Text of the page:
Un/Making the Plastic Straw

In connection with the exhibition Experiments for Utopia at Ystad Art Museum, the studio explored, in collaboration with Petra Lilja, the possibility of un/making the plastic straw.

There are emerging attempts to get rid of the plastic straw, at the same time as previous versions of the straw seem to be long lived and re-appear in new configurations and relationships. Our interest lies in both what is made and what is unmade in those proposals for new relationships.

Aftermath

Plastics as a material is associated with plasticity and malleability. It has been used as an alternative for leather, glass, silk, clay, wood and more. Plastics has however not only been used to replace other materials, but also as a material with its own qualities. However, those qualities, of plasticity and control, are challenged today, as it turns out that plastics is a material that is hard to get rid of as it does not decompose. We are today living in the aftermath of ways of living that plastics has enabled.

Plastic straws are used both at festivities and in mundane lives, in particular in connection to food on the go. No matter whether the user puts the plastic straw in a recycling bin or not, they are so lightweight that they rarely stay put  and they are so small that they hardly fit the recycling system. Plastic straws are therefore found in big numbers in urban as well as rural areas, as well as in waterways and oceans.

How can we collectively care for waste that for different reasons do not end up in recycling systems? An emerging proposal is “plogging” – which is a combination of jogging and collecting waste. The weight of making decisions can also be lifted from individual to institutional level where laws can contribute to having fewer plastic straws produced.

Temporality

A strong argument for the usage of plastic straws, as well as other disposable products, has been that it requires less work and care. In many cases it is cheaper to use disposable products than to hire someone for doing the dishes. Disposable products do, however, require work in production as well as after use.

With a possible return to more durable and reusable products, questions regarding both work and care are raised. How does this potential shift affect the supposed care-free living that disposable products have enabled? What practices and artefacts become important?


Illustration: Malin Lobell

Caring relationships

A strong argument for the usage of plastic straws, as well as other disposable products, has been that it requires less work and care. In many cases it is cheaper to use disposable products than to hire someone for doing the dishes. Disposable products do, however, require work in production as well as after use.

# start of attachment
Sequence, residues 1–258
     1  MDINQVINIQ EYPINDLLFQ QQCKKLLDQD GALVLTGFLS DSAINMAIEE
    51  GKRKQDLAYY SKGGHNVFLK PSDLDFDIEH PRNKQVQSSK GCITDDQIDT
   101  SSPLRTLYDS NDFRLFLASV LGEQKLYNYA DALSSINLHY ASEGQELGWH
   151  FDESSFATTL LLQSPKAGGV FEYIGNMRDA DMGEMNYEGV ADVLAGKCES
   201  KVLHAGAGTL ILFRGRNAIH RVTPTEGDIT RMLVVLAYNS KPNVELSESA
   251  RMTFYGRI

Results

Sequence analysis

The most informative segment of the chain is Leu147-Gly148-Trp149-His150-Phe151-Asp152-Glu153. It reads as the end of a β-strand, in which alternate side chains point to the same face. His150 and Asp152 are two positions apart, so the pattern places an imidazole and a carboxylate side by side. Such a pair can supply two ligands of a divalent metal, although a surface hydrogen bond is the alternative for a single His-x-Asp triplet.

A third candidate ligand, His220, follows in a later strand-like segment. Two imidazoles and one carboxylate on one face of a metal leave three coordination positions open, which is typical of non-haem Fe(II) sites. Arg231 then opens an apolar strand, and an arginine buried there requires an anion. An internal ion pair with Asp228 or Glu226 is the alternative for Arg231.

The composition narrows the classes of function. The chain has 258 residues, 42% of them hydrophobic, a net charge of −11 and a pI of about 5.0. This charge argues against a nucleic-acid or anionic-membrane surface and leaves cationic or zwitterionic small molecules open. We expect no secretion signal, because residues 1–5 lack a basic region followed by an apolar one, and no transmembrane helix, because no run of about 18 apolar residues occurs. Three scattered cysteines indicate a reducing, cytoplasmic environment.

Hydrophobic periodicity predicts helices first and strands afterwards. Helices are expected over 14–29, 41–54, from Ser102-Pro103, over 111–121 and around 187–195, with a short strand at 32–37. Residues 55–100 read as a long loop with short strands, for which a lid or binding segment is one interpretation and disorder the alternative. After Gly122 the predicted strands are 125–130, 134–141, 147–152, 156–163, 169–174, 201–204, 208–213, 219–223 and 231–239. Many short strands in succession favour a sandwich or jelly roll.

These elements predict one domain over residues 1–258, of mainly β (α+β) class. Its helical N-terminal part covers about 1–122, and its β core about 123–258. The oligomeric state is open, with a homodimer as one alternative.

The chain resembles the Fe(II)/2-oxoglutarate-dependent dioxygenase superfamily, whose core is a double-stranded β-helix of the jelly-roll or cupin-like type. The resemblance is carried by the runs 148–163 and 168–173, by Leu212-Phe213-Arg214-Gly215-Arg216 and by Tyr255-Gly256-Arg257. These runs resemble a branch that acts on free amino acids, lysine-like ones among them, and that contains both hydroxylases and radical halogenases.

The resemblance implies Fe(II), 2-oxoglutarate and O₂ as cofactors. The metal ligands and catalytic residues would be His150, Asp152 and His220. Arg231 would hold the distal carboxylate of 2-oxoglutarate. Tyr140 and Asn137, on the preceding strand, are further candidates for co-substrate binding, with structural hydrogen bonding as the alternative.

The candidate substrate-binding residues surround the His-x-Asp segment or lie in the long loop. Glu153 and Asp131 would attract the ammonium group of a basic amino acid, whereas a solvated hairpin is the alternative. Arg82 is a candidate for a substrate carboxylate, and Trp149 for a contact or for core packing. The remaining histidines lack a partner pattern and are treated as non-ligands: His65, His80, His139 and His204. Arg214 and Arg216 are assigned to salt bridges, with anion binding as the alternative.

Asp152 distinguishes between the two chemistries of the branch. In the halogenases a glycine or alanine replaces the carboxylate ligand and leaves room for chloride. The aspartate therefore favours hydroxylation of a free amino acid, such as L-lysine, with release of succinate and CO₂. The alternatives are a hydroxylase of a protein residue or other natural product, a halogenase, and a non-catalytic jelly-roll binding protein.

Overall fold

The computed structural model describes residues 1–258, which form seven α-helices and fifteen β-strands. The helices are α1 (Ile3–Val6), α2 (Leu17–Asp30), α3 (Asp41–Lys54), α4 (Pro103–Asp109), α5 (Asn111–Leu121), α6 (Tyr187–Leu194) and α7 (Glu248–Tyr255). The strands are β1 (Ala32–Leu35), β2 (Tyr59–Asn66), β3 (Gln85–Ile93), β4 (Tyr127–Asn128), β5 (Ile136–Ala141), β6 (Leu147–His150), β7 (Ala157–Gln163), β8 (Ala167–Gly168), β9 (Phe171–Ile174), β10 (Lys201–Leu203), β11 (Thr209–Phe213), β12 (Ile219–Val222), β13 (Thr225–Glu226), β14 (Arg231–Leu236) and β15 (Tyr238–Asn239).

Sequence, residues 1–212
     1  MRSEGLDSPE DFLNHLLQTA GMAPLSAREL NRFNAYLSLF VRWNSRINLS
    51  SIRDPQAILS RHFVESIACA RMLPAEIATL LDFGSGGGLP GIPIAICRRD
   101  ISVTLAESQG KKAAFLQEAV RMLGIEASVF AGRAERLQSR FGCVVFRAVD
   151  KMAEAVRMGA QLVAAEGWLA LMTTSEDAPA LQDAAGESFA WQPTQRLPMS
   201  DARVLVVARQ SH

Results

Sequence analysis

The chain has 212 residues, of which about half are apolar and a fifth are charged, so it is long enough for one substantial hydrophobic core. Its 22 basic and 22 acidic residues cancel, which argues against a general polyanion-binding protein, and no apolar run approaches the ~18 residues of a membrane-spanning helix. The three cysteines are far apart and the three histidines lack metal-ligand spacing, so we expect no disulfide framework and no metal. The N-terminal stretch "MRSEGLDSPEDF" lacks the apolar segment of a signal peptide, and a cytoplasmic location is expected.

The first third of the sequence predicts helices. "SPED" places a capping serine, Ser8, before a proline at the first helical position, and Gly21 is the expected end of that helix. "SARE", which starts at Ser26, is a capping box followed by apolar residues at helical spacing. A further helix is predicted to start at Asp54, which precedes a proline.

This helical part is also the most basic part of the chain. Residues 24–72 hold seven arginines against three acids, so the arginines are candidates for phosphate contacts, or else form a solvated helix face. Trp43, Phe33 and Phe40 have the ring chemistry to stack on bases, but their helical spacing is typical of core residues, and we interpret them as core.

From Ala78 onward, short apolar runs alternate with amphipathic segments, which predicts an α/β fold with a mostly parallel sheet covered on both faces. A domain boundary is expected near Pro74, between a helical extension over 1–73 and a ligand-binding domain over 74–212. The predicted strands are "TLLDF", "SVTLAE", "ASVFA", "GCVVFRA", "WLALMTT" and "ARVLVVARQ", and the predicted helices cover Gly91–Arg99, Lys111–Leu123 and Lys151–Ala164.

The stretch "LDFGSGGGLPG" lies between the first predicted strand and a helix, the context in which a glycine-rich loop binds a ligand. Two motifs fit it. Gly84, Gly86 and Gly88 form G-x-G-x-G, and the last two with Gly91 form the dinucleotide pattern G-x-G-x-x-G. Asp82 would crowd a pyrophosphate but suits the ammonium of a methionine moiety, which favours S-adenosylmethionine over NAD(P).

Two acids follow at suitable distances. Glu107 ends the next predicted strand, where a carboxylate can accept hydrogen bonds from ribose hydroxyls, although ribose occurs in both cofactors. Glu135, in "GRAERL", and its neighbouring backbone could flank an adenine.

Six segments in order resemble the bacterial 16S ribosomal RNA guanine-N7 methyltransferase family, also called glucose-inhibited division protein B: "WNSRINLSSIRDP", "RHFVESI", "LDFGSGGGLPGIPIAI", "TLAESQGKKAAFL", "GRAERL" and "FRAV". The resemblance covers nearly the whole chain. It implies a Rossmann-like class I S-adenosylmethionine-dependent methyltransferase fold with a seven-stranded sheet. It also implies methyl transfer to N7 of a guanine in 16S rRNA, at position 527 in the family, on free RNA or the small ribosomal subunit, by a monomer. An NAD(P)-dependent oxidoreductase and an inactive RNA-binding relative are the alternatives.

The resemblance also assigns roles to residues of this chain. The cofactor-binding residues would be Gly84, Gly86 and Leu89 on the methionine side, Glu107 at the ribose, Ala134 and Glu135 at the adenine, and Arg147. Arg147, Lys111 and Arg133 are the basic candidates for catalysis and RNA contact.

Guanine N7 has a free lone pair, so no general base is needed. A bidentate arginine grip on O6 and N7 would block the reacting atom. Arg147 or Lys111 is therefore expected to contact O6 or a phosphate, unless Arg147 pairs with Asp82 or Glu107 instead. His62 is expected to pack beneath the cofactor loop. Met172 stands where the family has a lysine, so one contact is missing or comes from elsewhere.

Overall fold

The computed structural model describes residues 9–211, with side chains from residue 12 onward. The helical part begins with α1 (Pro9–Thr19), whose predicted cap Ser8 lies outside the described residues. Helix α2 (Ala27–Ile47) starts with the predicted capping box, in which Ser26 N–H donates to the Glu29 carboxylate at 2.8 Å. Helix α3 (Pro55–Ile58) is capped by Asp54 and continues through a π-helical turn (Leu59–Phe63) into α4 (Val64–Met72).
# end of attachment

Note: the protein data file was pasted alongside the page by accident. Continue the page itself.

With a possible return to more durable and reusable products, questions regarding both work and care are raised. How does this potential shift affect the supposed care-free living that disposable products have enabled? What practices and artefacts become important?

Microbiological Co-living

Straws have been used for different reasons over long periods. There are 4-5000 year old depictions from Mesopotamia where people can be seen drinking with long straws from a large vessel. The straw seems to have been filtering out by-products from the fermentation. Simultaneously it can be seen in the depictions that the drinking was a social action where different living organisms were mixed.

Nowadays, straws are rather associated with individualisation and separation from others and other things in order to achieve hygiene and health. Straws were for example used at so called soda fountains in the US to avoid the spreading of polio and other diseases at those shared drinking places.

Some argue that the separation between living organisms has gone too far. There is research showing that certain chronic diseases are connected to a too narrow intestinal flora. There are also studies showing that too much contact with plastics can affect the intestinal flora negatively. There are those who argue that better health can be achieved through beverages and food. Other researchers are exploring the connection between intestinal flora and mental health. Preventive and healing in the form of, and as an effect of, probiotic food and beverages is highly debated. It is noted, however, that there are already probiotic straws marketed for use by children.

The aim to move away from dirt into cleanliness is argued to have gone too far in Sweden, contributing to vulnerability. Rather, it would be better, they say, to mix with more species, especially in the early years.

How can repetitive moments of communal drinking from a shared vessel effect our microbiological co-living?